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Parties: Copper Linings

Written by Catherine Bigelow | Photography by Drew Altizer

Having successfully revived the Penny Pitch fundraiser for St. Anthony Foundation, event chairs Meagan Levitan and her husband, foundation trustee Dale Carlson, were COVID-denied last year. But on October 15 the dynamic duo — and 215 spirited supporters — returned to battle it out for copper-tossed glory in a parking lot beneath blue North Beach skies.

The stakes this year were high: The couple reimagined the contest’s top trophy as the inaugural Ed Moose Memorial Trophy — a nod to the Penny Pitch founder and late restaurateur EdMoose — a mantelpiece must-have crowned by a massive martini glass accented with three giant pennies.

This beloved EssEff tradition — expertly emceed by Kerry Crowley, The Mercury News’ Giants beat writer who proudly hails from the City’s Westside — starred civic poobahs and a record 26 teams, many sponsored by devoted San Francisco businesses, including the Nob Hill Gazette, Nibbi Brothers General Contractors, the Plough and Stars, Original Joe’s, the Giants, Barbagelata Real Estate, the 49ers and the San Francisco Association of Realtors.

Full disclosure: In spite of my less-than-stellar hand-eye coordination, I somehow ended up on the winning team. But that triumph is thanks to my Pitchin’ Sisters & a Dude teammates: Levitan, Dr. Jennifer Brokaw, Giants EVP Staci Slaughter, former SFFD Chief Joanne Hayes-White and Realtor Michael Barnacle.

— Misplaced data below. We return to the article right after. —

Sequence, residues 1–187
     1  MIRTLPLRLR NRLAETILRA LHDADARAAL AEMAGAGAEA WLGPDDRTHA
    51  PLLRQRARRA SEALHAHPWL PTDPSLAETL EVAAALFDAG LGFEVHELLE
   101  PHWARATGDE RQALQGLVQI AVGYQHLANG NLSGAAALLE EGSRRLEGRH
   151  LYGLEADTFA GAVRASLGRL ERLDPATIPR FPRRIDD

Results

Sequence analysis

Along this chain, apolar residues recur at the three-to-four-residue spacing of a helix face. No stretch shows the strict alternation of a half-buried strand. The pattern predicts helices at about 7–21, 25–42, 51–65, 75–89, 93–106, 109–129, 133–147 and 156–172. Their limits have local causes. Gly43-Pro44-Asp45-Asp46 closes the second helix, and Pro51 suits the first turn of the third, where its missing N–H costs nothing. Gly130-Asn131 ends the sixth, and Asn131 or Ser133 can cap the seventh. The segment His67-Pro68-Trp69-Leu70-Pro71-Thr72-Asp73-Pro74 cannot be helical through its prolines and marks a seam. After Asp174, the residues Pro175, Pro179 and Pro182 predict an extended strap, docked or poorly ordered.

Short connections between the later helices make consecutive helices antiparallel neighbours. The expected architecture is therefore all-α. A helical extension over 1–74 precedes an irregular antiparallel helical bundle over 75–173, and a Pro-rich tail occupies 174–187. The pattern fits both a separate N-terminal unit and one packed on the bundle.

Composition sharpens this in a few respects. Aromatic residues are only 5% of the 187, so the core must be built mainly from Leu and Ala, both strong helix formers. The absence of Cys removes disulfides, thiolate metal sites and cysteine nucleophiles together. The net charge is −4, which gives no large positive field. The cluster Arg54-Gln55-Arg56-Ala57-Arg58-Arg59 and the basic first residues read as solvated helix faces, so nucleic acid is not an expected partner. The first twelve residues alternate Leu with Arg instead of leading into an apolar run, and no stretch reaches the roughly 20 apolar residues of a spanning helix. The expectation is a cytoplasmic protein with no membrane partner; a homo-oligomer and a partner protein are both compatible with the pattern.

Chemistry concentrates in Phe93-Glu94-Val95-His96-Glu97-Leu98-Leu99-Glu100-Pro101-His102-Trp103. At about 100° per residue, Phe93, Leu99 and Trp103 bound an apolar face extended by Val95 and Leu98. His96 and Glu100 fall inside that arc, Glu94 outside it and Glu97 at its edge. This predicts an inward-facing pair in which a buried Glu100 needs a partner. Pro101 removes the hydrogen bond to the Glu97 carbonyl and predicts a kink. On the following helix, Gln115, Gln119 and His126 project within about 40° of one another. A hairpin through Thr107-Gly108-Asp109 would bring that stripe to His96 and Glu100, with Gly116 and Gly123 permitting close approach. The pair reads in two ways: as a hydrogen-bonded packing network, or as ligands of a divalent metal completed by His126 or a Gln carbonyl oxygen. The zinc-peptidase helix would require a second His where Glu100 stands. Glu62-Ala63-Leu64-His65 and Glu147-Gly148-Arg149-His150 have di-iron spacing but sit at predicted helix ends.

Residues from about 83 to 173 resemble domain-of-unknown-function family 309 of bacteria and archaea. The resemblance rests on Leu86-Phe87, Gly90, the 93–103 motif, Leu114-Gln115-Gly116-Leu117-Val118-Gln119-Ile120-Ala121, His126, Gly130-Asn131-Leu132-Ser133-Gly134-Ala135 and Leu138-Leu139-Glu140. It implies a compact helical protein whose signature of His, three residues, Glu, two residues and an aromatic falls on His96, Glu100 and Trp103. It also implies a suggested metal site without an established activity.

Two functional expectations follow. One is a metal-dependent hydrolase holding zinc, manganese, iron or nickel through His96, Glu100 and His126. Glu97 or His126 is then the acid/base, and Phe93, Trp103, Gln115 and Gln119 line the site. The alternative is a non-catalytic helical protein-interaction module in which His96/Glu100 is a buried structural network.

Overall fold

Between exhausting rounds, guests “rested” next door at Chief Sullivan’s pub for adult beverages and a Bi-Rite buffet. Silly team monikers and costumes were compared, encapsulated by St. Anthony’s brown wool-robed Franciscan friars: The Bad Habits. And an old-school raffle was won by former 49ers legend Keena Turner, who promptly donated the $1,820 cash prize back to the organization.

This fun-filled fete also raised some serious coin — $110K — for St. Anthony’s social safety net programs, which assist our less fortunate citizens with food, clothing, shelter, job training, tech lab and recovery programs. Amid the pandemic, St. Anthony’s moved some programs, including its free meals, which rose from 2,000 daily to 3,500 to-go meals, curbside on the 100 block of Golden Gate Avenue, which remains partially closed. But Nils Behnke, the foundation’s CEO, describes that experience as a “traffic safety silver lining.” And one that he is working with the City to make permanent: The Golden Gate Greenway.

“We unfortunately can’t complain about not enough demand for our services,” continued Behnke. “The Tenderloin is home to more than 30,000 residents, including 3,500 children. Yet it has less than 1 percent of the City’s 6,000 acres of parks. This (Greenway) initiative, a public venue with seating and shade trees, could improve the physical and mental health of our clients and neighbors.” NHG Sponsored

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